Tg STAN makes Chekhovs Cherry Orchard a Kissing Orchard
Tg STAN has produced a magnanimous Cherry Orchard where hope glows through the despair like the first golden-yellow rays of sunshine after a dark winter.
Her lips must be painful by the end of each performance. The number of kisses she plants on the lips of her fellow actors are too numerous to count. Jolente De Keersmaeker as the kissing Lyubov, the owner of the estate in Anton Chekhovs The Cherry Orchard(1904), becomes pawing. And that makes her performance so magnanimously dangerous. This Lyubov kisses her fears and troubles away. And if there is nothing to kiss, she simply ignores the problems with masterful absent-mindedness.
Rarely have I attended such a well-thought-out and dazzling staging of Anton Chekhovs Cherry Orchard. An impressionistic version almost of a typical Chekhov story: a once fabulously wealthy family is now barely able to make ends meet and in a state of total malaise. Despite all the plans nobody knows (or dares) to decide if the vast cherry orchard on the estate where they spend the summers should be sold. Eventually an outsider (albeit a businessman friend) decides the fate of the estate where the family has spent its best times together. STAN sets the play in a magnificent set: a vast, bare stage dominated by large casement doors on wheels in front of which hang long Venetian blinds. The backdrop is a sailcloth which looks like a washed-out landscape painting. This set presents any number of opportunities for running on and off, watching each other from different angles and at the same time showing a lot without it becoming a cacophony of impressions.
While De Keersmaeker is the kissing (and whirling) pivotal figure in the family, several actors who are equally at home in their roles orbit around her. Bert Haelvoet performs each role he takes on more impressively and with greater nonchalance. Here he plays a landowner and young servant. He even manages to incorporate the giggles of pleasure of several teenage girls in the auditorium seamlessly and elegantly into his performance. The same applies to Stijn Van Opstal who sways across the stage peering and laughing mockingly as he goes, the only one to have real contact with the audience the outside world and to stand with both feet firmly in life and on the ground, unlike the family he serves as 'Firs'. The young guard is brimming over with talent and determination and perhaps it is that which makes their performances rather less elastic. Their acting is not quite melancholy enough so that some of Evelien Bosmans, Evgenia Brendes and Lukas DeWolfs retorts sound slightly artificial. But when Brendes (Lyubovs adopted daughter) spouts Russian, then the flame flickers. Trenchant and damning, she cuts straight through the youthful optimism. Magnificent! Robby Cleiren plays Leonid, Lyubovs brother and dreamy babbler who always uses lots of words to say nothing.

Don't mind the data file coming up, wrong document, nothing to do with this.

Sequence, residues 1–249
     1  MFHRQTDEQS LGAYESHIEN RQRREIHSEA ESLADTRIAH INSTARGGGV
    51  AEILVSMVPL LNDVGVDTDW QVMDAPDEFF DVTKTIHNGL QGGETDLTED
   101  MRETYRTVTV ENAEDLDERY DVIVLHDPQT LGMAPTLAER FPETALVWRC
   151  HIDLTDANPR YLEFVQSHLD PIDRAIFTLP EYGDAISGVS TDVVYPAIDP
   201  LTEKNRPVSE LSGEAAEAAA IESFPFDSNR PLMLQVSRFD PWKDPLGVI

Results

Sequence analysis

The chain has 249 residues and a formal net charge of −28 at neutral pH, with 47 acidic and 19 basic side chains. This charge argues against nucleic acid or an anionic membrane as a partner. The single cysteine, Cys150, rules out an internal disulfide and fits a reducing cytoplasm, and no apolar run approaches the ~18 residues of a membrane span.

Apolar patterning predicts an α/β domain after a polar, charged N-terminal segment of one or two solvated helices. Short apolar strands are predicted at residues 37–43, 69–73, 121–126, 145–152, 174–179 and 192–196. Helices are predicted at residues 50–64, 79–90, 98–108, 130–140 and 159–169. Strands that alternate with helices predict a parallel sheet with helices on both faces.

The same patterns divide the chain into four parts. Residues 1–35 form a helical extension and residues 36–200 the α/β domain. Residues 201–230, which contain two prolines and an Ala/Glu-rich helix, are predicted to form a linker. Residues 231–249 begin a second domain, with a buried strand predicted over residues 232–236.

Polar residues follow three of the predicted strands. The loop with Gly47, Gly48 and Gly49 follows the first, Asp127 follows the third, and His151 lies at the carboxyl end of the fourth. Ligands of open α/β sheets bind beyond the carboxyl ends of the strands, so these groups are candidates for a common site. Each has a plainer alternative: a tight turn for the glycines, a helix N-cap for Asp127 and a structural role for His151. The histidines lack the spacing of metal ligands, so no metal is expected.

Until the end. When the cherry orchard is sold thanks to the single-mindedness of businessman (Frank Vercruyssen) and none of the characters have any idea what they will do with the rest of their lives, brother and sister fall into each others arms, just before taking the train to another life. That embrace embodies all the pain, stifled longing and sorrow which flow through their lives. But that is not the final image. It is the servant Firs who extinguishes the light. In the quiet, intimate final image hope spirals over despair. Hope and peace. Two emotions which can save a life. Even the life of a Chekhov character.
Els Van Steenberghe, Focus Knack, May 26th 2015